As the Oklahoma police chief walked to the lectern of a church in Blair Wednesday, he paused to hug the father of the teen who died at his officers’ hands.
Chief Johnny Teehee of Muskogee, Oklahoma, was in Blair to speak at the funeral of Steven Rauch’s daughter, 17-year-old Farrah Rauch.
It had been 10 days since Farrah Rauch shot at officers and was killed in the returned gunfire.
Receiving an invitation from family members to speak at the victim’s funeral is something Teehee had never experienced in his 35-year career in law enforcement.
“To reach out and invite (us) to the service and say, ‘we forgive you.’ ... When he’s willing to do that, then I have an obligation to be here and speak,” Teehee said.
Steven Rauch said Tuesday that the officers “were doing their jobs, they’re in pain and they had no idea that they were even teens.”
The deadly pursuit and shootout in Muskogee began after officers responded to an attempted carjacking Feb. 28.
Officers spotted the stolen pickup, and after a short pursuit, the pickup crashed and Farrah Rauch and her 17-year-old boyfriend, Joseph Dugan, ran.
Officers chased the two on foot, and Farrah Rauch started shooting at the officers. The officers then shot and killed her.
Dugan kept running and eventually turned his gun on himself, fatally shooting himself.
Four Muskogee police officers were placed on paid leave following the shooting. Steven Rauch invited all four officers and Teehee to his daughter’s funeral.
At the lectern, Farrah Rauch’s casket a few feet away, Teehee expressed his condolences to the teen’s family from himself and his department.
He said his officers were touched by the invitation, but “they just didn’t think they were ready to do this.”
One of the officers spoke with Teehee before he headed to Blair.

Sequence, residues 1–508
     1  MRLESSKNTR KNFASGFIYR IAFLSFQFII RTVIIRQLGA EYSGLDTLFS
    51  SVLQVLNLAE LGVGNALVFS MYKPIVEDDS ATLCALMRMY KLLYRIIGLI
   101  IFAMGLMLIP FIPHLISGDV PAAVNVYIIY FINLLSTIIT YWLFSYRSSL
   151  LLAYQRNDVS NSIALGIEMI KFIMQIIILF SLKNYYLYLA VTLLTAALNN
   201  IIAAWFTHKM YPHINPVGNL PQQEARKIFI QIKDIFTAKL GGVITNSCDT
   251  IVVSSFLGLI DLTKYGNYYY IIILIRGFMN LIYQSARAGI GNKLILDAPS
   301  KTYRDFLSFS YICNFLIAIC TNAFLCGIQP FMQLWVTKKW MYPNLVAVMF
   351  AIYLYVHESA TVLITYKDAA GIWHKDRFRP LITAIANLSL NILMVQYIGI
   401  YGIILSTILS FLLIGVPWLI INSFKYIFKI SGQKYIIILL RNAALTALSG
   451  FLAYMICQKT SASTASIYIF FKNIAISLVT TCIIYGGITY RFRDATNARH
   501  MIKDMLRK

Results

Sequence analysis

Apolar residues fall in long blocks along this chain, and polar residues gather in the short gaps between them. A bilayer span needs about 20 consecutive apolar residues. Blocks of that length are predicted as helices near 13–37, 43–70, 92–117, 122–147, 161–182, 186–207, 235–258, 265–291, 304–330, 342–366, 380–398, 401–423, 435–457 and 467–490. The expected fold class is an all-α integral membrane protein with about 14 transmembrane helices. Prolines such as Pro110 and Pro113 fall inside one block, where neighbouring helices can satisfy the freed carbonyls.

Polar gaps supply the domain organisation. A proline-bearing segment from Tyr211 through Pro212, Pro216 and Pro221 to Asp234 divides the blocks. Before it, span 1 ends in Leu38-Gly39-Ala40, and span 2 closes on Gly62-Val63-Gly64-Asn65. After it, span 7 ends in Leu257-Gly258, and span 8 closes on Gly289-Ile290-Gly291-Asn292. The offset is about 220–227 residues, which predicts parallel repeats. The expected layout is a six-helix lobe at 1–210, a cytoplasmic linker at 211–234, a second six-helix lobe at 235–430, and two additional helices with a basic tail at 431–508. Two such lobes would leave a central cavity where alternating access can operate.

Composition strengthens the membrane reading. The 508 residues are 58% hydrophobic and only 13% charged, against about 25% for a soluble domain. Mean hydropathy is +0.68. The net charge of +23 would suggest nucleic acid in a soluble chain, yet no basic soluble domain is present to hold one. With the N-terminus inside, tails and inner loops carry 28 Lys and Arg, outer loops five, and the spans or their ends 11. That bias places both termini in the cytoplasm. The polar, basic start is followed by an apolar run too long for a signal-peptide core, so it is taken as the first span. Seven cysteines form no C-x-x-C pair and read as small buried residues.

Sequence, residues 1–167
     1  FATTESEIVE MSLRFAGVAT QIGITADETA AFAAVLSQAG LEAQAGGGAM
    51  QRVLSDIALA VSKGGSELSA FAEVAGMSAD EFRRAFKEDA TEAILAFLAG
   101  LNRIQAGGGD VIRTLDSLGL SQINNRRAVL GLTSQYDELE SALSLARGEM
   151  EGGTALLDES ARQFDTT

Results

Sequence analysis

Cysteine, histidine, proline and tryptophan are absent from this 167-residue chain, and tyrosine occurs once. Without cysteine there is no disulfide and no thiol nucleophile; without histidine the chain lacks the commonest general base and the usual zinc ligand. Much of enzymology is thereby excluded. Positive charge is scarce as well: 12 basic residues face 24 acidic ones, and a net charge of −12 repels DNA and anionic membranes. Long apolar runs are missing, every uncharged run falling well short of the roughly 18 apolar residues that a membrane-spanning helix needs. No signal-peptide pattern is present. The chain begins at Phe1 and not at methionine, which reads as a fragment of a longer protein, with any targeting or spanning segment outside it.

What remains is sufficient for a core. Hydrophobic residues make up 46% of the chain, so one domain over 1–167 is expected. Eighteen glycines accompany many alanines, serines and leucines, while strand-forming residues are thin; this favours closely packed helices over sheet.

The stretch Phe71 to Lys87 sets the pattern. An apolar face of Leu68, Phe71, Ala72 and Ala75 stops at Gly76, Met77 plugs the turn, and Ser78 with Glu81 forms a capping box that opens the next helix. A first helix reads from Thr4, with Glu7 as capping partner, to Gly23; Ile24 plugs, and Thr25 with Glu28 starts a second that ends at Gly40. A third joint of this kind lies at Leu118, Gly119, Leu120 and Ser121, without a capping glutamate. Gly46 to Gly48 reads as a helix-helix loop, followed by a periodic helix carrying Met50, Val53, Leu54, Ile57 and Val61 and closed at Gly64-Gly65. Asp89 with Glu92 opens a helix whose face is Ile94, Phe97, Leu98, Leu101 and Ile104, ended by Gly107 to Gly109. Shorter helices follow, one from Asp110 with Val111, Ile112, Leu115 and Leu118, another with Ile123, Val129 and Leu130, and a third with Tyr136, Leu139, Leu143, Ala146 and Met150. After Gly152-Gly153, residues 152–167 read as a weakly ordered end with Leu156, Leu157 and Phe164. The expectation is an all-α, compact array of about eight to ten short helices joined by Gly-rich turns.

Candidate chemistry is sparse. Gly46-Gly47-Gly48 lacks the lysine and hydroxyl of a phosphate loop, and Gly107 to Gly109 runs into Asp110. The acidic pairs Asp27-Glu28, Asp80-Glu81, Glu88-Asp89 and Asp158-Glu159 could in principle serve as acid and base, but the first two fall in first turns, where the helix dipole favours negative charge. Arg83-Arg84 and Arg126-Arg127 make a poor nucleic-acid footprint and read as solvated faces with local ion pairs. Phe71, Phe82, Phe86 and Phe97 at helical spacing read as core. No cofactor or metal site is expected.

“They said, ‘Chief, I’m not going to be able to do this, but will you let this family know that I love them, and we hold no ill will?’”
Teehee spoke about forgiveness.
“What is the message that we can take from this young life, that we can carry on from this point on and revert back to that?” Teehee asked. “To me that message is forgiveness.”
Steven Rauch has said that if his daughter could give a message to teens her age, “it’s that you don’t have to go this far. You can stop right now, turn to someone you love and trust, tell them your secret, tell them your plan.”
Teehee said that message resonated with him.
“I thought, ‘How better way than for us to carry on and talk about forgiveness?’ I’m going to carry this message ... from the time I walk out this door, I’m going to use that,” he said.
Teehee then left the lectern, hugged Steven Rauch again and sat down.
Near the end of the ceremony, Steven Rauch rose to speak.
When he arrived at the church before the funeral, the electricity in the whole town had gone out.
The director led Steven Rauch to the casket and opened it.
“I think I’ve cried more then than I’ve ever cried in my whole life,” Steven Rauch said. “I started holding her hands, and touching her hair, and then I started talking to her. All of a sudden, the electricity went on.”
His daughter touched so many hearts, Steven Rauch said, but was in a “dark cycle.”
“She always did everything to the fullest, and unfortunately she took to the dark side and she got caught up in that,” he said. “I think she couldn’t break that insanity cycle of doing the same thing over and over again. I know Farrah has it now. She gets it now.
“I think she said let’s turn the electricity on now, they’re ready.”